Our Discovery Boxes are a great way to try a new varietal or to simply stick with something you know and love!
The six bottles will be packed in one of our beautiful wooden boxes, wrapped and ribboned and ready for you to collect, or we will deliver it to you, free of charge
Included is an information sheet (or cheat sheet), with a description of each wine and which food to pair it with. Impress everyone at your next dinner party!
Champagne, Prosecco, Cava... Sparkling wine has been synonymous with celebrations around the world for centuries. The vineyards have been through world war after world war, the winemakers created history, and often women were left to tend the vineyard when the men went off to war.Fun fact: Sparkling wine wasn’t always desired. A lot of winemakers didn’t want their wine to referment in a bottle and create fizz, as the glass wasn’t strong enough and the bottles used to explode!
There are a few ways to make sparkling wine, methode champenoise in Champagne. This technique consists of two fermentation, blending, legal aging requirements then disgorgement and dosage. Cava and Cremant also use this technique also known as the traditional method. The terroir, blend of grapes, time on lees (dead yeast cells) and dosage at disgorgement (sugar syrup and wine added to the final fermented blend) all add to the complexity and toasty brioche notes or lack of in Champagne and Cava. Champagne can be made out of 7 grape varietals, but most of them are made from 3 main grapes; Chardonnay, Pinot Noir, and Meunier. The other grapes allowed are Pinot Gris, Pinot Blanc, Petit Meslier and Arbane.
Cava, on the other hand, is made from native Spanish grapes, Xarel-lo, Parellada, and Macabeo, and in recent years have been allowed to incorporate Chardonnay and Pinot Noir.
Prosecco, on the other hand, is made from 100% Glera. The singular of the Glera grape in Prosecco, along with the ‘Tank Charmat Method’ give this Italian beauty its fruit-forward quality. The grapes are pressed then fermented in stainless steel tanks, this keeps the fresh quality found in Prosecco and also changed the size of the bubbles or ‘mousse’. Much like Champagne must be from the region in France, Prosecco must come from Prosecco. If you find a sparkling wine from Franciacorta, this is the region in Italy where they made wine with the same process as Champagne.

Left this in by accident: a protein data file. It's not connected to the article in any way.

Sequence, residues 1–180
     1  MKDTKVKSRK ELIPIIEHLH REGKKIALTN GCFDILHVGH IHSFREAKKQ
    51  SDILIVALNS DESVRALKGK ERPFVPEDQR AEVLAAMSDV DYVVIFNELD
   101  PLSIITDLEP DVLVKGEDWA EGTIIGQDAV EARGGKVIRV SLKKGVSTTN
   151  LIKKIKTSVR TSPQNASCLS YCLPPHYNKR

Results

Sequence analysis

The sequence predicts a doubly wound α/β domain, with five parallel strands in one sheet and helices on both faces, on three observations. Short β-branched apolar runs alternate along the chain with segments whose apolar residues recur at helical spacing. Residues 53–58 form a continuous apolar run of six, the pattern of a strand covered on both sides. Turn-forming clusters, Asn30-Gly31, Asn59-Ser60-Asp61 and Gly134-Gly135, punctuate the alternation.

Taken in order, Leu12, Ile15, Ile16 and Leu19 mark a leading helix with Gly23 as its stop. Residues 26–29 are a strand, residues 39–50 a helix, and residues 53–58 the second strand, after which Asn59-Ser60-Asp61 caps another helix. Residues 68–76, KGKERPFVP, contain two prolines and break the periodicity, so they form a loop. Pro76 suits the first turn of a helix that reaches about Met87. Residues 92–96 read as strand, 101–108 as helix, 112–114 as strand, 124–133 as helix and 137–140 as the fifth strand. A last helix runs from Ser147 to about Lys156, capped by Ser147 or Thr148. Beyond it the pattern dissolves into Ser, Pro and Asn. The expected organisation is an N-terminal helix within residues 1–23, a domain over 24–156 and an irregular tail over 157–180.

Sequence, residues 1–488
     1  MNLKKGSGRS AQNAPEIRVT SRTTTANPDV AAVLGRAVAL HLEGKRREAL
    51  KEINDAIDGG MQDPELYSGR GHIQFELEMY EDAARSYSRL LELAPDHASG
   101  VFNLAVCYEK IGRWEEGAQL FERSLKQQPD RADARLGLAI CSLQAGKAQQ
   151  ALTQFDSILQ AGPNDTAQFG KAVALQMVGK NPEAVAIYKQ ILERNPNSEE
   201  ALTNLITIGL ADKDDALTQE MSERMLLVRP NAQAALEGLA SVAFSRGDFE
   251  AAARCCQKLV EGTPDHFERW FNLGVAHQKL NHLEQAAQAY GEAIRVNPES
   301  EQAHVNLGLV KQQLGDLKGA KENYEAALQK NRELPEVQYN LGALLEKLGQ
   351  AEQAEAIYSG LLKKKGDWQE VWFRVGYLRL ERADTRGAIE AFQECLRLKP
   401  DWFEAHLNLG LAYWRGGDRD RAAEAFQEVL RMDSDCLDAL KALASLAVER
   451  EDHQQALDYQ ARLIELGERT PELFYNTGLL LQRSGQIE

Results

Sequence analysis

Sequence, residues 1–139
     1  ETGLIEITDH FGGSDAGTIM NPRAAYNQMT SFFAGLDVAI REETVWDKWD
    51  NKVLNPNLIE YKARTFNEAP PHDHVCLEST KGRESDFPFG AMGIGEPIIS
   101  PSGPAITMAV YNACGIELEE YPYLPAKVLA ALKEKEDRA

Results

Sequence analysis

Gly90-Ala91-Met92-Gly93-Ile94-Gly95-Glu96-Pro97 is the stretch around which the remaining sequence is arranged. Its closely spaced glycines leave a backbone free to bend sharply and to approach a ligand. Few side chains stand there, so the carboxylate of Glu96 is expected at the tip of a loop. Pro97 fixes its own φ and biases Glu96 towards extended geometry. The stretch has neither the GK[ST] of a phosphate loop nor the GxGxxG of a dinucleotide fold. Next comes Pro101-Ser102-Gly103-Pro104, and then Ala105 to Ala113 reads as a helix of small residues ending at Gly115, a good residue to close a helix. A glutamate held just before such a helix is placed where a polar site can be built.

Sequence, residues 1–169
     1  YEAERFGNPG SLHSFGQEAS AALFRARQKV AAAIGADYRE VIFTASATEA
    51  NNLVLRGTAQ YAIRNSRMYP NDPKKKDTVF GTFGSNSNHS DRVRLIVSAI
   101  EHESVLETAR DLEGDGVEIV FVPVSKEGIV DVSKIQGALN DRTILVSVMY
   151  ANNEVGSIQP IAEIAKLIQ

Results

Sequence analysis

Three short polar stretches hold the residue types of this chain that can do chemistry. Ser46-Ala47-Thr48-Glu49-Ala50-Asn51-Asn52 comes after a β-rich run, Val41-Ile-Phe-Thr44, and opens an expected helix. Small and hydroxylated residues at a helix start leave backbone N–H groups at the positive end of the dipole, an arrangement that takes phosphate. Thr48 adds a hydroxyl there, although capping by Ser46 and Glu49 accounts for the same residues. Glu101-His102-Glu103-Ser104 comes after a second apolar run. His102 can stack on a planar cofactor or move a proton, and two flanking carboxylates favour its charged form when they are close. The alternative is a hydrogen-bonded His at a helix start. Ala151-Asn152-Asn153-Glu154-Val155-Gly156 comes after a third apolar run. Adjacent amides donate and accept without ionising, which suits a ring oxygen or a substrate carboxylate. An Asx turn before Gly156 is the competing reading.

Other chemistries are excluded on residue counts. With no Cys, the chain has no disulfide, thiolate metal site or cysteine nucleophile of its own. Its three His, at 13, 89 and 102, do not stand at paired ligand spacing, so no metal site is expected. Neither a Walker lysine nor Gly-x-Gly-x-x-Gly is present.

Sparkling wine can be made from entirely red grapes, entirely white grapes or a blend of both. Blanc de Blanc means there are only white grapes in champagne, blanc de noirs explains there is a white sparkling made of only red grapes, and then you have rosé!
1. Tinazzi, Prosecco Superiore, Brut, Valdobbiadene, Italy, NV
Made from the Glera grape, this a traditional style of prosecco with a fruit-forward palate and a vibrant mousse. This is a fun fresh and fruit-driven wine with notes of apple, pear, and citrus.
Food Pairing: With its bright acidity this wine is a perfect match for charcuterie, grissini or as an aperitif.
2. Maria Casanovas, Gran Reserva, Brut Nature, Cava, Spain, 2015
Toasty notes from the moment this wine is opened! Moving into hints of citrus, apples, and nuts. With 0 gms dosage, this is a dry Cava with a racy acidity.
Food Pairing: Enjoy alongside all the classics of Sparkling wines, but the structure lends itself towards being enjoyed with hard cheeses or anchovies and other Spanish tapas.
3. Charles Ellner, Premier Cru, Champagne, France, NV
With 75% Chardonnay and 25% Pinot noir, this wine is fresh with yellow apple and pear notes with a light toastiness. Stonefruit and citrus also linger in the background as the soft mouse dances on your tongue. This wine doesn’t need food as it is stunning alone but would be happy being poured next to grilled shrimp and other light seafood.
Food Pairing: Would be happy being poured next to grilled shrimp and other light seafood.
4. Pierre Peters, Cuvee de Reserve, Blanc de Blancs, Grand Cru, Brut, Champagne, France NV
Blended from 67 different parcels of fruit this Champagne shines with grapefruit, apple, and brioche on the nose with a fresh acidity. It does have aging abilities, but drink it now!
Food Pairing: The minerality is begging to be drank with some fresh oysters and lemon while in the sun!
5. Monmarthe, Secret de Famille, Premier Cru, Brut, Champagne, France, NV
40% Pinot noir, 40% Meunier, 20% Chardonnay, with notes of white peach, plums, and white flowers, this is a powerful wine. The Pinot and Meunier give it a rounded medium weighted body, while the Chardonnay keeps it fresh!
Food Pairing: Enjoy with grilled Sole and or a Chopped salad.
6. Monmarthe, Rosé de Ludes, Premier Cru, Brut, Champagne, France, NV
This is a blend of Monmarthe white Champagne with a red, aka Coteaux Champenois. Medium-bodied, strawberries and black current sing through to a dry fresh finish.
Food Pairing: Enjoy with Charcuterie, or tuna tataki, this is a versatile wine, to be enjoyed tonight!
Penedes, Spain 750ml / 11.5% ABV Grape Variety: Pinot Noir & Chardonnay Tasting Notes: A pale yellow appearance with golden reflections. Bright with persistent and fine bubbles and a good rosary form. Very elegant on the nose. White fruit with a...
Penedes, Spain 750ml / 11.5% ABV Grape Variety: Pinot Noir & Chardonnay Maria Casanova rosé is elegant, dry, and fresh. Crafted from Pinot Noir that has been macerated for 24 hours in its skin (lending the rosé color), along with...
Veneto, Italy 750ml / 11% ABV Tasting Notes: A full flavoured Prosecco, light straw in colour, with a medium to medium+ intense nose and fine mousse. This wine features lots of peach and pear followed by cantaloupe and green heirloom tomatoes....